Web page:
How to Achieve Your God Given Dream

Spring is for dreamers. My Facebook account reminded me today that I graduated from George Fox Seminary in 2013. It showed the posted picture of me getting “hooded”. I remember that day well! My family and friends were with me in Tigard, OR at Beaverton Christian Church. The ceremony was held in their large auditorium. I was sitting with a handful of other successful students when my name was called. I walked the aisle to the stage and as you see from the picture, kneeled as they gave me the beautiful red hood and medallion, ancient academic signs of my accomplishment.

Earning a doctorate was the fulfillment of a dream that God had given me five years prior, in 2008. During those five years, I continued to work full-time, completed two years of course work, experienced a season of ministry burn-out, changed my dissertation topic twice and finally ended up writing a monster 250 page dissertation on “Redeeming Disruptions.” Did I say I did this while working full time yet?! I was awarded a Doctor of Ministry Degree in Leadership and Spiritual Formation from George Fox Seminary (now Portland Seminary). Less than 50% of my classmates every achieved the dream.

I don’t share this story to brag. Instead, I want my journey to be an inspiration to those of you who are chasing a dream. You know the old adage, “If I can do it, so can you!” I truly believe that. I didn’t come from an educated or wealthy family. But I came from a family of pioneers who forged their way west to start a better life for their families through sheer determination and hard work.

Every great dream faces tough challenges. The question is, how do you achieve a dream? Here are a 9 key steps that worked for me:

  1. Say yes! When given a dream, to many make excuses and starve their dream of oxygen before it ever gets life. Scripture says to “take every thought captive” (2 Cor. 10:5), that includes God given dreams. Capture it and say yes!
  2. Verbalize your dream. Once I made the decision to pursue this degree, I began to tell people. That takes a dream from an idea to a goal. I got mixed reviews too. Some said “great”, while others simply asked, “why would you do that to yourself?” But the word was out. Tony was going back to school!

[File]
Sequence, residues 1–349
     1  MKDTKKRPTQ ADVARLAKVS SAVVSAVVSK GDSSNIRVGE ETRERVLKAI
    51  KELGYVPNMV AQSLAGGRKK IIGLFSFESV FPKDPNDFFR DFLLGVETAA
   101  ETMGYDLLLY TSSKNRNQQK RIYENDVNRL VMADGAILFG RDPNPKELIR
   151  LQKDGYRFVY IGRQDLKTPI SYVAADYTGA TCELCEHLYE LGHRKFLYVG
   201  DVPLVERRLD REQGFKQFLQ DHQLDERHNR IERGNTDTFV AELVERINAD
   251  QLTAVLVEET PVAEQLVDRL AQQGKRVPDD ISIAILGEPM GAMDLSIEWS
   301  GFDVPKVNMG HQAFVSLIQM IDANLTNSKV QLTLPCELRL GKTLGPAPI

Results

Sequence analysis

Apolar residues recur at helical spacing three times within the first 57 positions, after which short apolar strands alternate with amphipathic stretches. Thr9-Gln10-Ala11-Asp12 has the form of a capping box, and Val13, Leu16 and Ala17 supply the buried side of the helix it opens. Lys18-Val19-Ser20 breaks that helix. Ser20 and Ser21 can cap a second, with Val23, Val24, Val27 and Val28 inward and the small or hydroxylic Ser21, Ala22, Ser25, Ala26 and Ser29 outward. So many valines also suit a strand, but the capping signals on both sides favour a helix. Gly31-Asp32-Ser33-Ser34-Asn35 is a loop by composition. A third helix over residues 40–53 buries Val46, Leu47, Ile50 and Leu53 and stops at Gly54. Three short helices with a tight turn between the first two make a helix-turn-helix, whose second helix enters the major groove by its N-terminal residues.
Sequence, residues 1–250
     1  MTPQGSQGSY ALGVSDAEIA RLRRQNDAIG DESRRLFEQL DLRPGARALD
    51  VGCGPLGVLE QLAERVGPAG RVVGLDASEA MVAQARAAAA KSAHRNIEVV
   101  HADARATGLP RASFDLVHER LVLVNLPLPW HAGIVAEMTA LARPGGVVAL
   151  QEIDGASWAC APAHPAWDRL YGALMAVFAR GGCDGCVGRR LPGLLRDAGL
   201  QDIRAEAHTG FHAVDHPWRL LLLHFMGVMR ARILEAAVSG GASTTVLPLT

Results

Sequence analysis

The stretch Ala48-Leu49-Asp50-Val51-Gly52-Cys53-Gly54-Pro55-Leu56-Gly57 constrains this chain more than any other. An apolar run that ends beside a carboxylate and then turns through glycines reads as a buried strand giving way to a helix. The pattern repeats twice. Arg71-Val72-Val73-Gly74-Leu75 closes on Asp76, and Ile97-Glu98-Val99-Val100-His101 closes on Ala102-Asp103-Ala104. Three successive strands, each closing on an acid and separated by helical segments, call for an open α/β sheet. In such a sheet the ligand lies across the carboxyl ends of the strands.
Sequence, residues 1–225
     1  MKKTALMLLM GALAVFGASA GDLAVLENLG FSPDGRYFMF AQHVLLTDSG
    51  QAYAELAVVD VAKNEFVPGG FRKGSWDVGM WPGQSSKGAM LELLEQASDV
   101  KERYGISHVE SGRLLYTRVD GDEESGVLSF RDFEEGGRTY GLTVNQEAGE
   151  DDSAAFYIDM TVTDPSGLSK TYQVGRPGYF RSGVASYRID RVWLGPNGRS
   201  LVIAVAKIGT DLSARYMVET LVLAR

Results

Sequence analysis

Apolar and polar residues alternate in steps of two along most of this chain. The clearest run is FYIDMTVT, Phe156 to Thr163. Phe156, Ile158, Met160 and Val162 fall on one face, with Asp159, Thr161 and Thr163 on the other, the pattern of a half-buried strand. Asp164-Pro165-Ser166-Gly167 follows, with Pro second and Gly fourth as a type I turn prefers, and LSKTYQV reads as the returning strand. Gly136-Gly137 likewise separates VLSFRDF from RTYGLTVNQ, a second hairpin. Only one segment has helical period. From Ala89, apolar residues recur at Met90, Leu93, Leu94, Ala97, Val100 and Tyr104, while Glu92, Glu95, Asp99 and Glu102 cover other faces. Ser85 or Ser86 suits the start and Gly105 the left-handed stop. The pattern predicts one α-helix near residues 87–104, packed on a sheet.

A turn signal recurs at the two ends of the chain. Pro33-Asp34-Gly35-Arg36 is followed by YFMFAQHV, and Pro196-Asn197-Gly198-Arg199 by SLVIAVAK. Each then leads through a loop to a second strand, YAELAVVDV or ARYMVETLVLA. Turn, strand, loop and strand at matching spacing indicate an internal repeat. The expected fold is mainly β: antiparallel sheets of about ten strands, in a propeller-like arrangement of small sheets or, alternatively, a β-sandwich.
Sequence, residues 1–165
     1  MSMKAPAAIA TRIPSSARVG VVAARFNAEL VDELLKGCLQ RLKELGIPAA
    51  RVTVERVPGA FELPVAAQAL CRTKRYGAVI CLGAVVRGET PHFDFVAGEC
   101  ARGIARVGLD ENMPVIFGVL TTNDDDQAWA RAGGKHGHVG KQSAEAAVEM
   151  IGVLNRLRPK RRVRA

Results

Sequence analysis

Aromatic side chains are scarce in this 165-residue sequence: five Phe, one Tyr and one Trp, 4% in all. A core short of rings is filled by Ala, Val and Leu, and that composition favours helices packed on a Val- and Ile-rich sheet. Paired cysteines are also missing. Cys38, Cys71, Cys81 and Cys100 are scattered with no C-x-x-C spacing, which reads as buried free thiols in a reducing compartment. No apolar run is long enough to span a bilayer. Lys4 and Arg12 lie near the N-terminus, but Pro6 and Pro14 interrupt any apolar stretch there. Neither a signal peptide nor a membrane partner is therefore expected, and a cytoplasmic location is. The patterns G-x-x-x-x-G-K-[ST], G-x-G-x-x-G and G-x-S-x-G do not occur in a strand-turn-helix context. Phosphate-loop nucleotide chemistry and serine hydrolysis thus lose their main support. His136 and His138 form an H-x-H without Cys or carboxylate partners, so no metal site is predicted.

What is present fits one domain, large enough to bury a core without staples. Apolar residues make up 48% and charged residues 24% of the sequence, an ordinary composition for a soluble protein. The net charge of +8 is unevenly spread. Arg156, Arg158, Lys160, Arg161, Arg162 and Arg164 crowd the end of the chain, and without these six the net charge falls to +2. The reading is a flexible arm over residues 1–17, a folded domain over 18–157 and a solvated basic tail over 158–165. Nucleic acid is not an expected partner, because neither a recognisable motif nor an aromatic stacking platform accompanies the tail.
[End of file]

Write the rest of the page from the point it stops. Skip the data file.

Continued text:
3. Visualize the dream. My wife—who was my biggest cheerleader—made a big poster board for me and hung it on the wall directly in front of my desk at home (where I did most of the work). This board included a Photo-shopped picture of me receiving a diploma! I must have looked at that poster a thousand times in the next five years, visualizing the day I would graduate.
  4. Act on the dream. I did this by enrolling for the next cohort. I bought a laptop computer, backpack, ordered books and started logging assignments and meeting my classmates.
  5. Expect it to be hard work. I was working full-time when I started the program. Class work added another 15-20 hours to my 50-hour workweek. You can do the math. It made for some long weeks. Hunting and fishing were definitely curtailed for the next two years… that’s not to say I didn’t still do some, but not like before. Big dreams require sacrifice. You have to give up to get.
  6. Celebrate key milestones. I rewarded myself for accomplishing a lot of little and big goals during the journey. It could be as simple as getting another cup of coffee after finishing assigned reading, or going fishing after I finished writing a chapter (powerful motivation!).
  7. Don’t quit. I started the program in 2008 with a plan to graduate in 2011. I finished the class work on time. But the dissertation (i.e. monster research paper) took me another two years to finish. I had to take a year off to figure some personal things out. Part of me wanted to quit, but another part of me said, “You’re not a quitter. You’ve got this”. As a dear family friend used to say, “God’s delay is not God’s denial”. During that delay, God redirected my dissertation topic, which later received the title, “Redeeming Disruptions.” My editor later said that no one to her knowledge had ever written specifically about how God utilizes disruption to shape us spiritually.
  8. Give God the glory, but take a bow. Someone wisely wrote, “God is for you, but it’s not about you!” I like that. God gets all the glory for this project. He made it possible for me to earn the degree without acquiring any debt. The Lord opened the door even though I didn’t have the normal academic credentials. He guided me to see and understand things in scripture I had never seen before. God rescued me from a crisis of faith as a direct result of my writing. I worked like everything depended on him and like everything depended on me. Yoked together, we finished together.
  9. Grab the momentum and chase a new dream. I look at my desk today and see my first published book, Crazy Life, sitting on a shelf (with a dozen more). This new dream of getting published was achieved three years after receiving my doctorate. I believe it is what God wanted all along—a book to help people navigate through life’s disruptions without losing their faith.

I am grateful to God, to my lovely wife Disa and host of friends and family who believed in this work for Christ. I hope my journey can inspire you today to “…press on toward the goal to win the prize for which God has called… (you) heavenward in Christ Jesus.” (Phil. 3:14)

May God’s goodness overwhelm any craziness in your life today!

Dr. Tony

Jonathan Schuler